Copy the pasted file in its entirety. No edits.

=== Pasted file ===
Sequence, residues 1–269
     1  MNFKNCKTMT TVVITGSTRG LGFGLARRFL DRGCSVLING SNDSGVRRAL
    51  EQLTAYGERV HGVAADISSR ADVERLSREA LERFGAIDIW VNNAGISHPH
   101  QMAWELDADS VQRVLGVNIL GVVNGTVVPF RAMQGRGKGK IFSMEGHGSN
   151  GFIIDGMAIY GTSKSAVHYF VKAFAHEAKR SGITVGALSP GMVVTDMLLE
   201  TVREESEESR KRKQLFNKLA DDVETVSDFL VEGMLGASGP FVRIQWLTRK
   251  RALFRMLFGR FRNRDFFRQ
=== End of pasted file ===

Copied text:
Sequence, residues 1–269
     1  MNFKNCKTMT TVVITGSTRG LGFGLARRFL DRGCSVLING SNDSGVRRAL
    51  EQLTAYGERV HGVAADISSR ADVERLSREA LERFGAIDIW VNNAGISHPH
   101  QMAWELDADS VQRVLGVNIL GVVNGTVVPF RAMQGRGKGK IFSMEGHGSN
   151  GFIIDGMAIY GTSKSAVHYF VKAFAHEAKR SGITVGALSP GMVVTDMLLE
   201  TVREESEESR KRKQLFNKLA DDVETVSDFL VEGMLGASGP FVRIQWLTRK
   251  RALFRMLFGR FRNRDFFRQ